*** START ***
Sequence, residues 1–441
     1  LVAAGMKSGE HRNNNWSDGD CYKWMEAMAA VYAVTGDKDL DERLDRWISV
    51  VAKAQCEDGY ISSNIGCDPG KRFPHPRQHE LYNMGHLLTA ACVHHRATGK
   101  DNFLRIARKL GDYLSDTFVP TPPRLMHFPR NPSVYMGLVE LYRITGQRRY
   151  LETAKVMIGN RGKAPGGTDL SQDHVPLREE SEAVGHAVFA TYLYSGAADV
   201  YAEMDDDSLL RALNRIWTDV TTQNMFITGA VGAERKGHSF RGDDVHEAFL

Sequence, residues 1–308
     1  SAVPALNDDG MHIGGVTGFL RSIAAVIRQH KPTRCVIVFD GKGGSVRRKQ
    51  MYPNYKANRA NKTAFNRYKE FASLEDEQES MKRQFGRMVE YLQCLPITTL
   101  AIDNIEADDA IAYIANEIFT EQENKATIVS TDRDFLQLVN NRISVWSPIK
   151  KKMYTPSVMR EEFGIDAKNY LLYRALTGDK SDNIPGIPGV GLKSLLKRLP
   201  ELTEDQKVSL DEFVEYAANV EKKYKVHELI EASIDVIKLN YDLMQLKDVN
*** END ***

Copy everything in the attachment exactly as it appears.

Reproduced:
Sequence, residues 1–441
     1  LVAAGMKSGE HRNNNWSDGD CYKWMEAMAA VYAVTGDKDL DERLDRWISV
    51  VAKAQCEDGY ISSNIGCDPG KRFPHPRQHE LYNMGHLLTA ACVHHRATGK
   101  DNFLRIARKL GDYLSDTFVP TPPRLMHFPR NPSVYMGLVE LYRITGQRRY
   151  LETAKVMIGN RGKAPGGTDL SQDHVPLREE SEAVGHAVFA TYLYSGAADV
   201  YAEMDDDSLL RALNRIWTDV TTQNMFITGA VGAERKGHSF RGDDVHEAFL

Sequence, residues 1–308
     1  SAVPALNDDG MHIGGVTGFL RSIAAVIRQH KPTRCVIVFD GKGGSVRRKQ
    51  MYPNYKANRA NKTAFNRYKE FASLEDEQES MKRQFGRMVE YLQCLPITTL
   101  AIDNIEADDA IAYIANEIFT EQENKATIVS TDRDFLQLVN NRISVWSPIK
   151  KKMYTPSVMR EEFGIDAKNY LLYRALTGDK SDNIPGIPGV GLKSLLKRLP
   201  ELTEDQKVSL DEFVEYAANV EKKYKVHELI EASIDVIKLN YDLMQLKDVN